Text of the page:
It’s easy to forget the trauma our children also suffer during and after a flood so we need to understand and help them through the changes as best we can.

The impact of flooding on
children and families

They’ve lost their toys and clothing.

If you’re in temporary accommodation, then their surroundings will be unfamiliar. They’re not in the security of their own home with their usual things.

They’re living with parents who are constantly under strain.

Families sometimes choose to temporarily live separately after a flood, particularly if their first point of contact is to go and stay with grandparents or relatives to reinforce the child’s security and familiarity. If the relatives don’t have space for the whole family then sometimes they decide to divide themselves across two temporary homes. This is out of the ordinary for the child’s usual routine.

If you’re in alternative accommodation, journeys to school may be further. They may not be able to walk to school with their friends anymore.

Local neighbourhood friendships are affected because communities are dispersed for several months.

If the temporary accommodation isn’t nearby, then after school activities might have to be put on hold. The routine is disrupted.

Children might feel scared when they see rain.

I just want my home back, my daughter has suffered the most. Being in a damp old rented house has set her asthma off and she has been bad for months resulting in multiple steroid prescriptions plus four inhalers. She is 10.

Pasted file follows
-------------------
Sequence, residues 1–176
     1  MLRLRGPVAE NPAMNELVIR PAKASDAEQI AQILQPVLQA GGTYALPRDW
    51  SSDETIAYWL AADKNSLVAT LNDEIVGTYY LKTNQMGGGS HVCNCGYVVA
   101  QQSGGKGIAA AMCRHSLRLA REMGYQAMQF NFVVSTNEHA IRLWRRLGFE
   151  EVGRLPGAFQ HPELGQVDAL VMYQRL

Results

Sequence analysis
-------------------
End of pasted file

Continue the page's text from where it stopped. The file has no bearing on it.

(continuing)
– A mother’s perspective following the winter floods in Bury, 2015.


Tips for supporting children after a flood

Anything that your child has as a comforter or security blanket, should be with them.

Try to maintain some sort of routine if you can, or continue to do things that were familiar e.g. stories at bedtime.

Whilst there might be little time for family time and it may bring feelings of guilt, don’t worry that you can’t have the same time for children before the flood happened. You will be doing your best and perhaps decide to do an outing or spend some quality time together to make sure the precious time you do have together is special.

Bring friendships together where possible and when time allows. Even if it can’t be at home, you can always meet in the park, cinema or a fun place.

Children, Young People and Flooding: Recovery and Resilience

For more information and some direct insights into the impact of flooding on children please see the research by Lancaster University and Save the Children.

Every day for 4 or 5 days it was chucking it down which made all the devastating floods in Keswick.

It was really annoying because we were stuck on the hill. It was like a little island. It was really hard to get food because it was too dangerous to walk out into the water. If you’re wondering why we couldn’t use a car it’s because the current was so strong it could wash it away.

Behind our house there’s field and all the bunny rabbits and hares were hoping around, because not only people lose their homes you know!

– Pheobe, age 9